Eamon Dunphy has revealed how he "lost it" on 24-hour drink and drug binges during a mid-life crisis.
The outspoken football pundit also talked about the heartbreak of losing his parents and opened up for the first time about the break-up of his first marriage.
He dismissed his relationship with Roy Keane, saying he was "never friends with him".
"I thought he was a fantastic player, a fantastic man in many respects but he's a poor manager," Mr Dunphy said.
The broadcaster also spoke about how he "lost the run of himself" when he turned to drink and drugs.
It began when he was working on radio station Today FM's The Last Word.
"I had my mid-life crisis then. The pressure of working in a drivetime radio programme every night, which was essentially a six-day week.
"They were a brilliant young team, we worked like dogs for 28 days, 29 days. And that period in my life, I was a big party animal, which meant too much drink. I was never a big drinker... I'm not a big drinker at all.
"But too much drink and recreational drugs and stuff like that. It was a period when I was doing that stuff."
He added: "It was a period when I kind of lost the run of myself. If I didn't have to work, I could be a serious party animal.
"I'm three years younger than Mick Jagger, I think I always wanted to be Mick Jagger but it's not possible in Dublin.
"I think there was a lot going on in Dublin, it was the height of the Celtic Tiger, there was a vibe around the town."
He said he took "cannabis mostly, cocaine sometimes".
Mr Dunphy joked he was right when he infamously said "you can't get good coke in this town" in 1998.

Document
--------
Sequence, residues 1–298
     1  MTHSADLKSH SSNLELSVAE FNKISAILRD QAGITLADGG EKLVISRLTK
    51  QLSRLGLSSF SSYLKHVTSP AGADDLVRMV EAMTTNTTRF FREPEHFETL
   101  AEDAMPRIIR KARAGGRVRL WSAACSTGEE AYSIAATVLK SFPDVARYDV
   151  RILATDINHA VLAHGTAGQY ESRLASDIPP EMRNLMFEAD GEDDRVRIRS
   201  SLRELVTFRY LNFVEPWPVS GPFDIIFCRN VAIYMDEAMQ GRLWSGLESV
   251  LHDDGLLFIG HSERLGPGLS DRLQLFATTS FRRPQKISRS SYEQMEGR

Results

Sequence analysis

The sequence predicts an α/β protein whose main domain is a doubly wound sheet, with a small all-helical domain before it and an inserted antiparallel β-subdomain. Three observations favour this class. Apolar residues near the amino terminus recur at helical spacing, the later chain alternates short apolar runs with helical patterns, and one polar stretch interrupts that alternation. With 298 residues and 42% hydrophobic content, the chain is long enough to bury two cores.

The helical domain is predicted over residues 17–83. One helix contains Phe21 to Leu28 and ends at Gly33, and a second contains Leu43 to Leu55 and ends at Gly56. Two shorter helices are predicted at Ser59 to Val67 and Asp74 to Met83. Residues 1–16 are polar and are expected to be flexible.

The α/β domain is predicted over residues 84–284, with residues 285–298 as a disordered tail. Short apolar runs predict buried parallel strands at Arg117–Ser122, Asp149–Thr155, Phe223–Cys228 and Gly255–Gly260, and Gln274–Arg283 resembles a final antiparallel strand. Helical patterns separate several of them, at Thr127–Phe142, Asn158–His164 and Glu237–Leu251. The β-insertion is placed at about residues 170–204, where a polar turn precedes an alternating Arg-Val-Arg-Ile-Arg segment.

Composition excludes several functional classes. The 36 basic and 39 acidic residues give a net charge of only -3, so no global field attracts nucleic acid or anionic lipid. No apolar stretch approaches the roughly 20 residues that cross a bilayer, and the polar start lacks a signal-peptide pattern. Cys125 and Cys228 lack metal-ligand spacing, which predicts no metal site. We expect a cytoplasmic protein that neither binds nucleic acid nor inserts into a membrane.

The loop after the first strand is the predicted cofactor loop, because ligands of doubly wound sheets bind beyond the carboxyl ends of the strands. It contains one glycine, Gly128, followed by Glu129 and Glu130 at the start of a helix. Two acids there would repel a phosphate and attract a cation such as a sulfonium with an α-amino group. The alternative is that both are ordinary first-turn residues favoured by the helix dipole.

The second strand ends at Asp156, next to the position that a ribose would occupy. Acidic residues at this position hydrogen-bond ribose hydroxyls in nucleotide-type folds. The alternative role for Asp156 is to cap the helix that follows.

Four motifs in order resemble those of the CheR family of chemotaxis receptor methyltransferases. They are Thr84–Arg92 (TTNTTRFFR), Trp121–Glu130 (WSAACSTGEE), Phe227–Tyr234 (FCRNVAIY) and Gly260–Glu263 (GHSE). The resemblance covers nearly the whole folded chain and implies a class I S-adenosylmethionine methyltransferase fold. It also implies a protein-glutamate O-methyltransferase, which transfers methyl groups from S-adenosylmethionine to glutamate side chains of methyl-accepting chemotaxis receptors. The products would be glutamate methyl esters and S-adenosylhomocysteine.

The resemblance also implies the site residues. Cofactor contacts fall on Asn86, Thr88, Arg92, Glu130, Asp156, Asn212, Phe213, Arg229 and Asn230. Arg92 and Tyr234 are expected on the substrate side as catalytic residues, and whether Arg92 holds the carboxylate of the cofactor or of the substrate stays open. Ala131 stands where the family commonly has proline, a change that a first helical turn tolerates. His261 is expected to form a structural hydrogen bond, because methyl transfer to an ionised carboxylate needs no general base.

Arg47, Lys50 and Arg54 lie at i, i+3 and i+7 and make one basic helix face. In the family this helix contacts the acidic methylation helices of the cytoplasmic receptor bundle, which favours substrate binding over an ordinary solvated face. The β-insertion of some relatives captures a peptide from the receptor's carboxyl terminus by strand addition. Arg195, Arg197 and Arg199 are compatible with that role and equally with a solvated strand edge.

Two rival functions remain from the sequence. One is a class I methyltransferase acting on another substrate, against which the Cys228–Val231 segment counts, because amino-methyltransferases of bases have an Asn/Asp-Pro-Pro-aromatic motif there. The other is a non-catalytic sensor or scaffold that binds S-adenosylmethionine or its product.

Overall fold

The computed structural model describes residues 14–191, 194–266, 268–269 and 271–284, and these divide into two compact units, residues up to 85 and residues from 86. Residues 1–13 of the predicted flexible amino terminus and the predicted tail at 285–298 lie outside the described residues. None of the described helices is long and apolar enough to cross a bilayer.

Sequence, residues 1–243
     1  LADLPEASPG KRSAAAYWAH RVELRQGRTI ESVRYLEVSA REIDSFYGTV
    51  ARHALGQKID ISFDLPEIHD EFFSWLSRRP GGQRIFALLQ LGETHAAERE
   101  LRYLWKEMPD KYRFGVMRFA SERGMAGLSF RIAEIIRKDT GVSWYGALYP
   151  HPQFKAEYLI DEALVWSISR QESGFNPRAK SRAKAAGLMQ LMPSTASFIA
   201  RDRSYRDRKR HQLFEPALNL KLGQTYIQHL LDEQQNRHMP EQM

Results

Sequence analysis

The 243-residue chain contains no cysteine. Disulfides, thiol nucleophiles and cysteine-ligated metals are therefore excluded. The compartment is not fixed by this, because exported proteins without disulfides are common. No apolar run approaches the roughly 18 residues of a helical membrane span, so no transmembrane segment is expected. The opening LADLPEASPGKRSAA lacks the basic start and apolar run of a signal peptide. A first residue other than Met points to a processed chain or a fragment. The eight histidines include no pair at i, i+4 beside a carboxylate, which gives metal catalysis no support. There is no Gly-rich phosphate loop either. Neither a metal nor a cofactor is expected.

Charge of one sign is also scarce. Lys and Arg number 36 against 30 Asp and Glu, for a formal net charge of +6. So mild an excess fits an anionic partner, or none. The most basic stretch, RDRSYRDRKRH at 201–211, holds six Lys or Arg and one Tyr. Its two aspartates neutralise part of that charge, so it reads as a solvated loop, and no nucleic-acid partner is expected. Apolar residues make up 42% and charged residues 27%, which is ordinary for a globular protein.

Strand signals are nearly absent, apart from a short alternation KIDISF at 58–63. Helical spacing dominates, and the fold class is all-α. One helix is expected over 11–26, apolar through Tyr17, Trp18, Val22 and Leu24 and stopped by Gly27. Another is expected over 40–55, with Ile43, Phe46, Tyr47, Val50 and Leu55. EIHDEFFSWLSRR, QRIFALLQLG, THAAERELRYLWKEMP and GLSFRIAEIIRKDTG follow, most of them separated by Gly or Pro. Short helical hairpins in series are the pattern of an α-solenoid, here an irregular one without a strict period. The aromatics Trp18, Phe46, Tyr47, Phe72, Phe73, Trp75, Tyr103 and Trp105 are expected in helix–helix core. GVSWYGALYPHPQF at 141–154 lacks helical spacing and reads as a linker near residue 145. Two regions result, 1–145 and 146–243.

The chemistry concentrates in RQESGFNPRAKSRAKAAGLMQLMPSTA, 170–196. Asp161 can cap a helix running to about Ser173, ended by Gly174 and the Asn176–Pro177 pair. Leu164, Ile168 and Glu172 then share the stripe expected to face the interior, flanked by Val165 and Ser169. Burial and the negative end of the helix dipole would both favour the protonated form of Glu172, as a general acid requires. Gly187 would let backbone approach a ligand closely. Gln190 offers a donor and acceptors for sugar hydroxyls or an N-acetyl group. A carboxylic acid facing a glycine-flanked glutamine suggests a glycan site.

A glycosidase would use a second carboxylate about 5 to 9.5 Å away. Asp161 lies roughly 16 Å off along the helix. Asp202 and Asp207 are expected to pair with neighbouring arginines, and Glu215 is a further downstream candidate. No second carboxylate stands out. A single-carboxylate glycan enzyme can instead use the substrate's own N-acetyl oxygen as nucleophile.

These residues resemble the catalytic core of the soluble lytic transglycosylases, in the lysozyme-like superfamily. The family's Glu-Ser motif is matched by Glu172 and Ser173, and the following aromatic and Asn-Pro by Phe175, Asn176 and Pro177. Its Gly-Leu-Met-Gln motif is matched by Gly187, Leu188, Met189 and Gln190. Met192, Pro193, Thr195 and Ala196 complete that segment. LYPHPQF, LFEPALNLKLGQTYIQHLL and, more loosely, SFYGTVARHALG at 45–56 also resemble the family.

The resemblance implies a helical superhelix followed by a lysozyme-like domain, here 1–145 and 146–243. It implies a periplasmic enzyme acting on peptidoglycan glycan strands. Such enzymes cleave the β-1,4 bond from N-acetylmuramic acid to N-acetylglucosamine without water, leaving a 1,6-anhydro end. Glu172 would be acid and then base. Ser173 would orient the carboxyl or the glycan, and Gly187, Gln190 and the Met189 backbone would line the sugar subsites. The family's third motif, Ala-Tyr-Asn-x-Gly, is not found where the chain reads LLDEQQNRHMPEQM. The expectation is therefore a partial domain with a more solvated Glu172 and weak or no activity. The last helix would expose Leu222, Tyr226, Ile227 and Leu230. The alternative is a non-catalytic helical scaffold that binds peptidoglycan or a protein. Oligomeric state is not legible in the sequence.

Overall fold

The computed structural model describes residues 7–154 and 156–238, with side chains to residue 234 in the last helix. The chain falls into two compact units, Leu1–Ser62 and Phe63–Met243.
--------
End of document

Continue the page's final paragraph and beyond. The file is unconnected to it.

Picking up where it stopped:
"That was a joke I cracked, you can't crack good jokes in Dublin either.
"You can't get good cocaine in this town, it's actually true. I know that, I can testify," he laughed.
His arrests for drink driving forced him to get his life together.
"I was caught drunk-driving on three separate occasions over a very short period of time, which was seriously wrong.
"That was the thing that copped me on, I realised then I'd been a bad boy and it wasn't funny anymore."
In a revealing interview, he said one of the reasons he and his first wife Sandra split was that they married too young.
Mr Dunphy (64) separated from Sandra over 25 years ago and, while they are good friends now, he said they experienced severe financial trouble at one time.
"Life was a struggle, it is for everybody between 21 and 40, I think it's murder. You're trying to get your career, you're trying to get your stuff together. We married when we were 21, too young, I think that's the reason."
He said his decision to follow a career in journalism, rather than football, had an effect on his marriage.
"It was tough because I didn't have any stamps, I didn't claim the dole. I was married and I had one child at the time, it was hell -- it was very difficult. We had a mortgage and we had no money," Mr Dunphy said.
He recalled in a TV3 documentary not having enough money to eat one night.
He and Sandra used to keep cash under the bread bin and "we lifted it up and there was nothing there".
"We didn't go hungry, we went and borrowed a few quid but we couldn't go on living like that. It was a test that my wife and I talked through."
Mr Dunphy -- who married long-term partner Jane Gogan last September -- said there was never any moment when his first marriage "collapsed".
"It just fizzled out. She's a wonderful woman and I try to be a good father. We had our children in common and we get on great," he said.
In This Is... Eamon Dunphy on TV3 this Thursday, viewers will see an emotional Eamon also talking about his childhood.
And he broke down when discussing the heartbreak of losing both of his parents.
He lost his only sibling, Kevin, nearly three years ago.